Let’s also not forget that for years President Bush was the center of a cult of personality that lionized him as a real-world Forrest Gump, a simple man who prevails through his gut instincts and moral superiority. “Mr. Bush is the triumph of the seemingly average American man,” declared Peggy Noonan, writing in The Wall Street Journal in 2004. “He’s not an intellectual. Intellectuals start all the trouble in the world.”
It wasn’t until Hurricane Katrina — when the heckuva job done by the man of whom Ms. Noonan said, “if there’s a fire on the block, he’ll run out and help” revealed the true costs of obliviousness — that the cult began to fade.
What’s more, the politics of stupidity didn’t just appeal to the poorly informed. Bear in mind that members of the political and media elites were more pro-war than the public at large in the fall of 2002, even though the flimsiness of the case for invading Iraq should have been even more obvious to those paying close attention to the issue than it was to the average voter.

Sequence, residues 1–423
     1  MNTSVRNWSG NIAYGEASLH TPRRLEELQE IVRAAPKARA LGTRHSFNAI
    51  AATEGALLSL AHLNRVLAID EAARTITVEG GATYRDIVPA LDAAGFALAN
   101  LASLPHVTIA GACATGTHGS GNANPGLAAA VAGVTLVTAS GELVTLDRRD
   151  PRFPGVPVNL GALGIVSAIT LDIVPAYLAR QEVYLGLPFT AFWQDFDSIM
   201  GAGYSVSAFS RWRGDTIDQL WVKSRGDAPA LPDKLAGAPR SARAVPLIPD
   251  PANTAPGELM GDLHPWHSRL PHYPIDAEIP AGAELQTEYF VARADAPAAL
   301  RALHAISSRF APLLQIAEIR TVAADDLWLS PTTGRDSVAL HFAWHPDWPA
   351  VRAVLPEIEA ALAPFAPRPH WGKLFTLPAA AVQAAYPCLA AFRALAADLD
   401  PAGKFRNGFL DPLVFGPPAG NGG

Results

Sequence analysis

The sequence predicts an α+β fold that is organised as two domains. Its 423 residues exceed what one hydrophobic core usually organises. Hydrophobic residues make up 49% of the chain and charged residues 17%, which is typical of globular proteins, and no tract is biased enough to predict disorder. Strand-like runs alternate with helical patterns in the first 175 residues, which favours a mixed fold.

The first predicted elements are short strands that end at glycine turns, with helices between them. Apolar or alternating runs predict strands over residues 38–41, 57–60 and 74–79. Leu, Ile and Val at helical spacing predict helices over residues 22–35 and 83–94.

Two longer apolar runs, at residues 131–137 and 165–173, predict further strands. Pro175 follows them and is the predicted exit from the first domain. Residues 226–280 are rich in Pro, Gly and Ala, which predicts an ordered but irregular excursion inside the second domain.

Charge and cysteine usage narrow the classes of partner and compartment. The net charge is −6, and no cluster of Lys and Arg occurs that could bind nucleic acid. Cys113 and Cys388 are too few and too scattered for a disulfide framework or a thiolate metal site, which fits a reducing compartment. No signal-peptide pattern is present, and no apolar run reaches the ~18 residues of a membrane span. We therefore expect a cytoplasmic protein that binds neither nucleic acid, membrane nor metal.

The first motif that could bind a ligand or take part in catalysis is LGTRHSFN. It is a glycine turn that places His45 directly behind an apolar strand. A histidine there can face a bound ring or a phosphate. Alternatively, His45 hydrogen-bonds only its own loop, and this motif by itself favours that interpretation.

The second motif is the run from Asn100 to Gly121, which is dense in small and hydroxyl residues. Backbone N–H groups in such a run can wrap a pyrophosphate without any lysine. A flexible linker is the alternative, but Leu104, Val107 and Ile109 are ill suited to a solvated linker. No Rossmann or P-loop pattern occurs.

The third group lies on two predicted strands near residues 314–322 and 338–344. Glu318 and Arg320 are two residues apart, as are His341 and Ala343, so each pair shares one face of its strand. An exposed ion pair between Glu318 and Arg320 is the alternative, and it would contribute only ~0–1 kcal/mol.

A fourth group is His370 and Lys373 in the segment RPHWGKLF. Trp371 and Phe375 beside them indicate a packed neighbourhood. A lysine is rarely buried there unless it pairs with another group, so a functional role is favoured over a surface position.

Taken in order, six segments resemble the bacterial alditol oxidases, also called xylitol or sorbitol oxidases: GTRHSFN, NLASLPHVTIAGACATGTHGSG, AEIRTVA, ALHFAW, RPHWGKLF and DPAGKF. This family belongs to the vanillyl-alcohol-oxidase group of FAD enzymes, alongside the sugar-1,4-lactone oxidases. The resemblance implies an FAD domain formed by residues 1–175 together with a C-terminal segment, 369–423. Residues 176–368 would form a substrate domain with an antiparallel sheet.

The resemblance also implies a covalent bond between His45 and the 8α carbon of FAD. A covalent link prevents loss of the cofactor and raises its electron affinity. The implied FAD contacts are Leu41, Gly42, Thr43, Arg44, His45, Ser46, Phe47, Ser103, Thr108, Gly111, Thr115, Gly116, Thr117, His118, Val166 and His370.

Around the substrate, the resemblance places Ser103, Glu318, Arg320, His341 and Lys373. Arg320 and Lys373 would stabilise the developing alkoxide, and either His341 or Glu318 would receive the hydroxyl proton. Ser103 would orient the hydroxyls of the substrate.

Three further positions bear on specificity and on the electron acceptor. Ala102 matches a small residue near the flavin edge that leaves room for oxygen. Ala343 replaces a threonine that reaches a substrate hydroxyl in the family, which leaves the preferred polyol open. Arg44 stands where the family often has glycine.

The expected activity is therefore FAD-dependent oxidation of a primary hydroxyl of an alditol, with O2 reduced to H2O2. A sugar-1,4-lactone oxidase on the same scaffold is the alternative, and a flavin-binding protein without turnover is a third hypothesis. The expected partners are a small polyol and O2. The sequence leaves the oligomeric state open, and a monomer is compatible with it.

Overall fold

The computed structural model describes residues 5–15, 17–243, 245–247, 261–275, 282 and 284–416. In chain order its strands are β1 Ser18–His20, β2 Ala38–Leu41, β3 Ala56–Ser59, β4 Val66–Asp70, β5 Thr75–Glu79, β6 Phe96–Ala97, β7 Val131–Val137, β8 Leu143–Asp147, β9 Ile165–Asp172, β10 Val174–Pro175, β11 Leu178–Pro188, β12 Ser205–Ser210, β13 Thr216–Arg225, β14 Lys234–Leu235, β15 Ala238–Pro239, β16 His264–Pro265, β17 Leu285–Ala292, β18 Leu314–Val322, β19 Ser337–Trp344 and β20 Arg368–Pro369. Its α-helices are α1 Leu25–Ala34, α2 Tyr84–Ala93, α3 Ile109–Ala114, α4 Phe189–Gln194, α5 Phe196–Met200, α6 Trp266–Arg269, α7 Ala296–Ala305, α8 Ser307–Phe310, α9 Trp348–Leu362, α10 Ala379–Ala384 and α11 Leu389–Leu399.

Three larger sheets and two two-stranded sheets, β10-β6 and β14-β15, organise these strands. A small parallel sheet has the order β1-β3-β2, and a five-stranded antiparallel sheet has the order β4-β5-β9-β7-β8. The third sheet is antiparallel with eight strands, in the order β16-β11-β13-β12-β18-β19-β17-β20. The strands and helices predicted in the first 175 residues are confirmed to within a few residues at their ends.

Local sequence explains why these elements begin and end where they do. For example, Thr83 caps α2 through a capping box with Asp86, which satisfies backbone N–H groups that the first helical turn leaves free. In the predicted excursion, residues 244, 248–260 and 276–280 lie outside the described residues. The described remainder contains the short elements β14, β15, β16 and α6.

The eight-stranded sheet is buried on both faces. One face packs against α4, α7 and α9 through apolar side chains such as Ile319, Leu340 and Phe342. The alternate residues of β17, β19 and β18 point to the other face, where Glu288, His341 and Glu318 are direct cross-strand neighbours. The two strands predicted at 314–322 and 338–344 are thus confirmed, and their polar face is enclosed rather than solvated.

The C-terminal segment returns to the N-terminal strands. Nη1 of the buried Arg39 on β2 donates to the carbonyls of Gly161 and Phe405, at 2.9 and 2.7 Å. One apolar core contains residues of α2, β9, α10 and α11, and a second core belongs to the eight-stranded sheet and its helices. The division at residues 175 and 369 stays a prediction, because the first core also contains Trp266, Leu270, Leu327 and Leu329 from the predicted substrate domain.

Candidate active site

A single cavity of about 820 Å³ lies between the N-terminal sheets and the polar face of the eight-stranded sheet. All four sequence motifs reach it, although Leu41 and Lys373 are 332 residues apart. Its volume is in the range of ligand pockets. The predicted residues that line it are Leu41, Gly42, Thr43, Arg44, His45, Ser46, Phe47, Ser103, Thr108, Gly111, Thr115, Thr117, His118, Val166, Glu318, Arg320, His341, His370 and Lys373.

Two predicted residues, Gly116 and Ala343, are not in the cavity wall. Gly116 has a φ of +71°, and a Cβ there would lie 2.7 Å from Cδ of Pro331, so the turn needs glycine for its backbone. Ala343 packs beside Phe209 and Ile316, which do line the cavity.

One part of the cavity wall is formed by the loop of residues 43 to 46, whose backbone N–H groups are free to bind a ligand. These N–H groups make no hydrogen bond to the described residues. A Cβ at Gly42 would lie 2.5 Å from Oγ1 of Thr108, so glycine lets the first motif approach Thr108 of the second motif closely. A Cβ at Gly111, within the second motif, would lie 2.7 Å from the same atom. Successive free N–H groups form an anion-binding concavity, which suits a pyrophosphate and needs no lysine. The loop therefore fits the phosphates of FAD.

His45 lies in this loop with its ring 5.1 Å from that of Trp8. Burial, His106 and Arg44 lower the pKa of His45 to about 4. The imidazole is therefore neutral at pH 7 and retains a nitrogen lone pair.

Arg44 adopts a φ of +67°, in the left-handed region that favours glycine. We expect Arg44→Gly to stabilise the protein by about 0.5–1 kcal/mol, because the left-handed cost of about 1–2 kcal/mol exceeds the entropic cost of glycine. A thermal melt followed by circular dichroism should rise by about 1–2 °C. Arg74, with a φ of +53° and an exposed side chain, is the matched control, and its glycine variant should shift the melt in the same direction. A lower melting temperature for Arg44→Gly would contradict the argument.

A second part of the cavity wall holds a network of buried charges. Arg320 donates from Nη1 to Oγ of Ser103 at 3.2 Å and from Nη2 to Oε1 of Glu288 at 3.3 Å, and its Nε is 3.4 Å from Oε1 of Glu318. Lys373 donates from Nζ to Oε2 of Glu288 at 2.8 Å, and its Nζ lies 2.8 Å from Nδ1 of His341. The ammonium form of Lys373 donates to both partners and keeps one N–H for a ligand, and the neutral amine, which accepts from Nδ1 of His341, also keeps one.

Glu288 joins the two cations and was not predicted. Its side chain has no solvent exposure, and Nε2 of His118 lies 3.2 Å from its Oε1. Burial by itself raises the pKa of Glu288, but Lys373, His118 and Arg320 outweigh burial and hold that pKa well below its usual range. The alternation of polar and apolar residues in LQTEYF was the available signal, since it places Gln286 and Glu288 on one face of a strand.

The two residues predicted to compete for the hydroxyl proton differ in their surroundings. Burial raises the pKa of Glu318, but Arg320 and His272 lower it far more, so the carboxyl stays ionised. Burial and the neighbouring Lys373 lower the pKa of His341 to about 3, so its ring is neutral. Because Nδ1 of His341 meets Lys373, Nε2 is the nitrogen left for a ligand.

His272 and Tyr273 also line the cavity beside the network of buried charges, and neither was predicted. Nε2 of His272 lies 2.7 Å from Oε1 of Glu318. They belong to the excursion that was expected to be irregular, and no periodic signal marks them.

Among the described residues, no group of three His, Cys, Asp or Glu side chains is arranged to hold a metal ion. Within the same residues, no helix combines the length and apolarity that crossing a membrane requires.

Why were the elite so hawkish? Well, I heard a number of people express privately the argument that some influential commentators made publicly — that the war was a good idea, not because Iraq posed a real threat, but because beating up someone in the Middle East, never mind who, would show Muslims that we mean business. In other words, even alleged wise men bought into the idea of macho posturing as policy.
more at the NYTimes